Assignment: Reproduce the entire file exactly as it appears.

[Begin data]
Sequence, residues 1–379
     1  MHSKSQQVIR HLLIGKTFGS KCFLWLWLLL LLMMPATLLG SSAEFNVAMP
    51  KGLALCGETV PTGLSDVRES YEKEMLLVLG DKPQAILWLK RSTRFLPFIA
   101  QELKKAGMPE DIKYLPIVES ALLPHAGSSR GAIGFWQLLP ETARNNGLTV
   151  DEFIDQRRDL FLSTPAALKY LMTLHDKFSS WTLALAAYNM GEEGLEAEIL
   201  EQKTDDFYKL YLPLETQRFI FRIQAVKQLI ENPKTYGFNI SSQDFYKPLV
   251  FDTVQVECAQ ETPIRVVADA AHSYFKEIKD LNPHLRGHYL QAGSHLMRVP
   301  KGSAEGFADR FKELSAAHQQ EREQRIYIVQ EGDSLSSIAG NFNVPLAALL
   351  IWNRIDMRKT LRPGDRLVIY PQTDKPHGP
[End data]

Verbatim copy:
Sequence, residues 1–379
     1  MHSKSQQVIR HLLIGKTFGS KCFLWLWLLL LLMMPATLLG SSAEFNVAMP
    51  KGLALCGETV PTGLSDVRES YEKEMLLVLG DKPQAILWLK RSTRFLPFIA
   101  QELKKAGMPE DIKYLPIVES ALLPHAGSSR GAIGFWQLLP ETARNNGLTV
   151  DEFIDQRRDL FLSTPAALKY LMTLHDKFSS WTLALAAYNM GEEGLEAEIL
   201  EQKTDDFYKL YLPLETQRFI FRIQAVKQLI ENPKTYGFNI SSQDFYKPLV
   251  FDTVQVECAQ ETPIRVVADA AHSYFKEIKD LNPHLRGHYL QAGSHLMRVP
   301  KGSAEGFADR FKELSAAHQQ EREQRIYIVQ EGDSLSSIAG NFNVPLAALL
   351  IWNRIDMRKT LRPGDRLVIY PQTDKPHGP